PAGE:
On Dec. 18, 1945, barely three months after the formal end of World War II, the Spokane Philharmonic Orchestra took the stage of the Masonic Temple Auditorium for the first concert in its inaugural season. Conductor Harold Paul Whelan raised his baton and led the 72 musicians in a performance of the overture to Christoph Gluck's Iphigeneia in Aulis. Drawing on the mythologized prelude to the Trojan War, Gluck's opera asks if the price of honor can ever be too great.
The philharmonic was the precursor of today's Spokane Symphony Orchestra, and Whelan, then a recent Spokane transplant, is credited as being the prime mover in its creation. For the next 17 years, he would work to guide the organization through some fairly rocky periods — including the one that resulted in the change to its current name in 1961.
During his research for The Sound of Spokane, a chronicle of the Spokane Symphony's origins and evolution, historian Jim Kershner encountered plenty of drama on a par with the ancient Greek epics.
"There were mutinies against conductors, there were strikes and various other labor conflicts," he says. One infamous incident in the 1980s relegated the orchestra to being the backing band to a kazoo novelty act. A smoldering showdown of wills played out onstage between musical director Donald Thulean and concertmaster Kelly Farris.
"But, on the other hand, there were all these really high moments. They did things that symphonies of this size usually don't get to do. They did world premieres by well-known composers, and some of the most famous names in classical music history have played with the symphony."
Rattling off like names like Itzhak Perlman, Ella Fitzgerald, Thomas Hampson and Claudio Arrau, Kershner makes special mention of Gunther Schuller, a titan of the jazz and classical music worlds, who led the Spokane Symphony in the aftermath of the Kazoophony debacle.
With its official 75th anniversary season derailed by the pandemic, the Spokane Symphony is belatedly celebrating that rich history in this weekend's Masterworks concert. Titled "The Genesis of the SSO," the first piece on the program is, fittingly, Gluck's Iphigeneia in Aulis overture.
"Seventy-six years ago, these are the very first notes that the audience would have heard from the Spokane Symphony," says Music Director James Lowe. "We simply had to open with that."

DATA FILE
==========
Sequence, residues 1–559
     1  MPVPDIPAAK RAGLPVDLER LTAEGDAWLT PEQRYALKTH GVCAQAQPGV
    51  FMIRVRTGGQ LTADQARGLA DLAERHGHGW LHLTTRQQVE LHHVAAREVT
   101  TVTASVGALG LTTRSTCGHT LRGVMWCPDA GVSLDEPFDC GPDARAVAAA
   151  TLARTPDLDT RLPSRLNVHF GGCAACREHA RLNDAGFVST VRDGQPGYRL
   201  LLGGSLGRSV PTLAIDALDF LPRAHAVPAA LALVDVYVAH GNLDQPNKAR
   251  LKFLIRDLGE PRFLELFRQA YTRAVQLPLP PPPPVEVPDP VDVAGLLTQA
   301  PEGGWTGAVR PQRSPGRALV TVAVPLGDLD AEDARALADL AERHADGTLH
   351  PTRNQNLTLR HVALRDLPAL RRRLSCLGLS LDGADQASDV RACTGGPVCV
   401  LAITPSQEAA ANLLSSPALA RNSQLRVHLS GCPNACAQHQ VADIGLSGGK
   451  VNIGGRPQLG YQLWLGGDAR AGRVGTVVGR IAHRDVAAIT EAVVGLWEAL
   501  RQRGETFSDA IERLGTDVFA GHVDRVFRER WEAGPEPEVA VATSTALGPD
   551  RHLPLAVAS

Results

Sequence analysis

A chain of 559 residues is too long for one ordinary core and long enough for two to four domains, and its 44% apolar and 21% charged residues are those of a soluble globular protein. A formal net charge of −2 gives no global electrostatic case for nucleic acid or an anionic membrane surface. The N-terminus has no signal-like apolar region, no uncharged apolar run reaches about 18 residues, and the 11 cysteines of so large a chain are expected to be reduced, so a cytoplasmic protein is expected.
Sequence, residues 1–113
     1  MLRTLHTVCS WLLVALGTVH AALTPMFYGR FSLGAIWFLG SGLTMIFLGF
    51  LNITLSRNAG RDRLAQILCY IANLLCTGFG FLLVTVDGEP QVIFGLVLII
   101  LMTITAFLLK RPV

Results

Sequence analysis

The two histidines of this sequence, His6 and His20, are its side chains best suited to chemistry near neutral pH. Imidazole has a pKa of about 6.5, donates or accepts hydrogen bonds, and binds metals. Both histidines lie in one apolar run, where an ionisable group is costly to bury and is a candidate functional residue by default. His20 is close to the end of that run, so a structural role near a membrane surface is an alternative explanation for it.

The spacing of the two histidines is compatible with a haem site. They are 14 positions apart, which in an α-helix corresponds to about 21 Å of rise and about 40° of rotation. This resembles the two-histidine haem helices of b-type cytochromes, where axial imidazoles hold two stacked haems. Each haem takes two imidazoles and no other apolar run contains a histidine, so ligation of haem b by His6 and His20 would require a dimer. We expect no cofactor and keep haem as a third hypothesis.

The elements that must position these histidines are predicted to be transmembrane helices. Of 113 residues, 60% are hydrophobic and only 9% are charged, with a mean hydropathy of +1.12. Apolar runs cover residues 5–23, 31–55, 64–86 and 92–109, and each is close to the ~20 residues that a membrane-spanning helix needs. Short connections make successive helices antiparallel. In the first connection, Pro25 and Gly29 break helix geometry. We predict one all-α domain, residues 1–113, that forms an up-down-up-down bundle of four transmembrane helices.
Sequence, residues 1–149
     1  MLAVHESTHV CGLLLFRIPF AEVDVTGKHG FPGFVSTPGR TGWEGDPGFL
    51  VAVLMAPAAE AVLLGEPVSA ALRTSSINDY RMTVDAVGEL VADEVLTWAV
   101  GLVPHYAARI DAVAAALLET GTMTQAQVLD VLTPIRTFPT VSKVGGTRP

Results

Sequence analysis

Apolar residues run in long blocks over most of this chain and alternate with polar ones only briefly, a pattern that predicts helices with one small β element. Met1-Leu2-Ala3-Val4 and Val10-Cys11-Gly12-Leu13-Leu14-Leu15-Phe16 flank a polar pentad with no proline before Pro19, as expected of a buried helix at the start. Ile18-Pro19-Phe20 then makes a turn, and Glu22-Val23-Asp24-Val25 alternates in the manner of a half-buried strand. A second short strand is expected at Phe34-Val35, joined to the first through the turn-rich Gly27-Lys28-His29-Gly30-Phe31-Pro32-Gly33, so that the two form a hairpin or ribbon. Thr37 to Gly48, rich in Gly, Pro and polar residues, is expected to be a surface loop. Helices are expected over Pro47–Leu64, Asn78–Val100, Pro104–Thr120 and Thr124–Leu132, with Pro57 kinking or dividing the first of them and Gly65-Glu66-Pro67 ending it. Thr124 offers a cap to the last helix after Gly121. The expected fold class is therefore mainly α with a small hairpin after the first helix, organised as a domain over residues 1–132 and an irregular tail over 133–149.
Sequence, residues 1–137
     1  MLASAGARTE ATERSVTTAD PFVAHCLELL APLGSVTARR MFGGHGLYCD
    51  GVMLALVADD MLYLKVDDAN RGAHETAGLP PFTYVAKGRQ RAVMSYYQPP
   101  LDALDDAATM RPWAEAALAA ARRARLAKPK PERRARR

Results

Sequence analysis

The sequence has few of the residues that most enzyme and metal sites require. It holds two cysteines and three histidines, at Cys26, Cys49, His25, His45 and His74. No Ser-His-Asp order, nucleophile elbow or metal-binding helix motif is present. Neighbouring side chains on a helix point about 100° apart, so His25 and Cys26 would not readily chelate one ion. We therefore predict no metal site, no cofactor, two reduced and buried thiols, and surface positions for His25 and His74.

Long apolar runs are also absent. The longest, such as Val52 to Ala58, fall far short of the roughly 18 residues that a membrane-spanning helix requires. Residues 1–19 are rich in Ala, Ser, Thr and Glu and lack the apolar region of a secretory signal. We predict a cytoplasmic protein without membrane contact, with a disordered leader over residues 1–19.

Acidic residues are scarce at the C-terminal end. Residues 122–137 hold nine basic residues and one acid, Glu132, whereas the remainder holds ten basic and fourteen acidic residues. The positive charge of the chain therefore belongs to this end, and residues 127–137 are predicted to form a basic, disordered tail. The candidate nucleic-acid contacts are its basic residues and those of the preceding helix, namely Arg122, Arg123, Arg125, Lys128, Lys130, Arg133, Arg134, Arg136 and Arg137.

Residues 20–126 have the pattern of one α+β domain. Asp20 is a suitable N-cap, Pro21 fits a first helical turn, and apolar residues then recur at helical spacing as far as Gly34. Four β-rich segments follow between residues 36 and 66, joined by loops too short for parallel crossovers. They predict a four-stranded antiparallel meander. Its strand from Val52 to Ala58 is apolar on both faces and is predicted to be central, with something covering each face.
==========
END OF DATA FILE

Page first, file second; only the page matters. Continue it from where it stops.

Aside from its symbolic value, one of the benefits of an archival program is that it gives lesser-known works a chance to step back into the spotlight.
"Tastes change. Composers come in and out of vogue. Iphigeneia in Aulis is not an unpopular opera, but this overture really has fallen out of favor a bit. Opera based on mythology always is a bit of a harder sell nowadays," Lowe says. "It's a piece I've never done before and never programmed before, so for me it's quite nice to reconnect with a work that I wouldn't have looked at otherwise."
The other three pieces on this Masterworks program come from a later concert in the symphony's debut season. Robert Schumann's piano concerto — his only work in that format — will be performed by Spokane's own Archie Chen. The guest soloist sees uncanny parallels between his life and that of the 19th-century Romantic composer, who suffered for the last part of his life from what is now assumed to be bipolar disorder.
"Schumann was married to a pianist, and it's the same thing for me with my wife, Rhona. We work together as a team, and she was with me during my illness with COVID when I was in the ICU for 10 days back in August and almost died. My wife has been there for me like Clara Schumann was for Robert," Chen says. Clara is honored in the concerto itself with a note progression that spells out her nickname.
Another work is George Frederick McKay's Suite on Fiddler's Themes. McKay was raised in Spokane in the early part of the 20th century and went on to enjoy a distinguished career in music, although he, like Gluck, found himself at times on the wrong side of fashion.
"There"s an entire treasure trove of music by McKay, and this orchestra performed a lot of it beginning with Whelan," Lowe says. "He's one of those unfortunate composers who spanned high modernism but never went down that route. He didn't really embrace the post-tonal. He wrote wonderful, fantastic music, and rediscovering that with [McKay's] son Fred has been a real joy."
The finale of this retrospective program is Dvoák's Symphony No. 8, a relatively brief work for its kind that still manages to encompass dramatic shifts in moods and musical motifs.
"The very opening starts with this rather melancholy tune in the cellos and horns, and then there's this birdsong in the flutes and suddenly it turns happy. It's a symphony that conceals its art incredibly well. It sounds almost like a parade of very nice tunes and beautiful moments, but it's structured really tight." ♦
Spokane Symphony Masterworks 6: The Genesis of the SSO • Sat, March 5 at 8 pm; Sun, March 6 at 3 pm • $19-$62 • Martin Woldson Theater at The Fox • 1001 W. Sprague Ave. • spokanesymphony.org • 624-1200